While some in the White House may have been hoping to capitalise on domestic frustrations, Dr Wakefield said regime change was unlikely to result from US sanctions.
“So far, Iran has proven to be tenacious, and it is doubtful that the sanctions will achieve their narrow goals of forcing Iran to abandon its missile or nuclear program, much less result in the broader aim that some in the White House harbour of regime change,” he said.
In fact, he argued that sanctions may even prove counter-productive.
“Countries that want to deal with Iran and to keep the Joint Comprehensive Plan of Action [Iran nuclear deal] alive may seek to do so by constructing financial mechanisms that avoid the use of the US dollar and oversight by US financial authorities,” he said.
“So Trump may actually weaken the US position in the long run.”
Tensions have been escalating between the two nations since May last year when the Trump administration pulled out from a 2015 nuclear deal signed between Iran and world leaders, with Mr Trump calling it the “worst deal ever” and urging Iran “to abandon its nuclear ambitions” and “change its destructive behaviour”.
At the same time, the US began imposing a “sting of sanctions [that] will only grow more painful if the regime does not change its course”, warned US Secretary of State Mike Pompeo.
The US has since begun deploying additional forces to the region, including aircraft carriers and bombers and 2,500 troops in response to “troubling indications and warnings” from Iran.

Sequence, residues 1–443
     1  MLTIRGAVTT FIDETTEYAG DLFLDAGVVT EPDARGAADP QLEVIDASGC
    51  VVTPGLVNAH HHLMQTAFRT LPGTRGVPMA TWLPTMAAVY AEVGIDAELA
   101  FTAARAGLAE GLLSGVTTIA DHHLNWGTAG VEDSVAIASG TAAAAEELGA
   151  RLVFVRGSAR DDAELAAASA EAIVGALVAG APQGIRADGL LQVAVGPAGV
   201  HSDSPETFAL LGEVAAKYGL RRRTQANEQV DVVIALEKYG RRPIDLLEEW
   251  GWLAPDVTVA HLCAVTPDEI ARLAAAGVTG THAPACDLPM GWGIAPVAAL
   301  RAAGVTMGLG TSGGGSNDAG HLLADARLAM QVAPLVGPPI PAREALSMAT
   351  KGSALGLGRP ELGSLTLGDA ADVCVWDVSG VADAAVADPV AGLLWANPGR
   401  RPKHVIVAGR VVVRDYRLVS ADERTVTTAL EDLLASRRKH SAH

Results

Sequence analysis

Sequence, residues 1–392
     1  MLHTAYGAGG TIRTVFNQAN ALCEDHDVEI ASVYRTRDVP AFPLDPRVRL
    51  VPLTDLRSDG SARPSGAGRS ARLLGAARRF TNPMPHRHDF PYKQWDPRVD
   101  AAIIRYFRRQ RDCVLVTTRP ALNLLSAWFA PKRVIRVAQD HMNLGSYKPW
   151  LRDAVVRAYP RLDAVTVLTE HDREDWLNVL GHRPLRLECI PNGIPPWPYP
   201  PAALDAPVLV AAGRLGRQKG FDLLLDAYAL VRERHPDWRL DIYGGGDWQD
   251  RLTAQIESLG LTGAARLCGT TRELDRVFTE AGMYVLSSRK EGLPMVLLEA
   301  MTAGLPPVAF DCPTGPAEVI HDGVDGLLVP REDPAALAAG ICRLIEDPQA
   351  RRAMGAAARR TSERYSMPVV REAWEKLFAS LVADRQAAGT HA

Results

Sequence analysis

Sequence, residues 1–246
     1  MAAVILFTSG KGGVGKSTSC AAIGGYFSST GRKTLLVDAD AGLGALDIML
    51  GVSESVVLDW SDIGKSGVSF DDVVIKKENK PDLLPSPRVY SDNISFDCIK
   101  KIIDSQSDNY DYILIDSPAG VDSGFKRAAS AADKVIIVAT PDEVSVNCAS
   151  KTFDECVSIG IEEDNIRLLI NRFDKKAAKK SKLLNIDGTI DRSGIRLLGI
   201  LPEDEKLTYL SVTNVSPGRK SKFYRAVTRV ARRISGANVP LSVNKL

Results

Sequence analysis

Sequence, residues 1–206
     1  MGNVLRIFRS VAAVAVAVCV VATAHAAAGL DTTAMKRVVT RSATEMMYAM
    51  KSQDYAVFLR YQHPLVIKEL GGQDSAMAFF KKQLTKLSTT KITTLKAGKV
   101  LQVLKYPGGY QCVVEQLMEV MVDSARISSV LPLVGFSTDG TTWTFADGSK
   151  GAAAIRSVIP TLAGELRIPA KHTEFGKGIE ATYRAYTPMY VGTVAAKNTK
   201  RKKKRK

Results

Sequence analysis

In recent months, Washington has also blamed Iran for attacks on six ships in two separate attacks, a drone attack on a Saudi Arabian pipeline and a rocket attack near the US embassy in Baghdad — while Iran, who denied any involvement in the attacks, is now threatening to break the uranium stockpile limit set by the 2015 nuclear deal.
“The Trump administration’s maximum pressure campaign has led to a climate that is ripe for inadvertent conflict,” Mr Vaez previously told the ABC, after the US released footage it claimed proved Iran’s involvement in the attack of a Japanese tanker.
“Each cycle of escalation brings the parties closer to the brink of a catastrophic military clash.”
Have the previous sanctions on Iran worked?
While the additional sanctions announced this time are not expected to have a major impact, previous sanctions have already ravaged Iran’s economy.
The first of the “string of sanctions” took effect in August last year and targeted Iran’s automotive sector, financial transactions involving US dollars and the purchase of commercial airplanes and metals, including gold.
As a result, Iran’s currency began rapidly losing value and food prices skyrocketed.
Another round of sanctions that took effect in November targeted Iran’s oil industry — its largest source of revenue — at a time when Iran was already grappling with an economic crisis.
More sanctions have since followed with the US further removing a waiver that allowed countries to import Iranian oil, meaning that if countries including China, India and Japan continued to buy oil from the Republic they could also face US sanctions.
In the last 12 months the cost of meat has risen by 57 per cent, diary products and eggs by 37 per cent and vegetables by 47 per cent, according to the Statistical Centre of Iran.
“Unemployment is rising along with inflation, while the currency has lost two-thirds of its value and the economy is shrinking at the rate of 6 per cent,” Mr Vaez told the ABC.
“The sanctions have been devastating for the general population who is struggling to make ends meet.”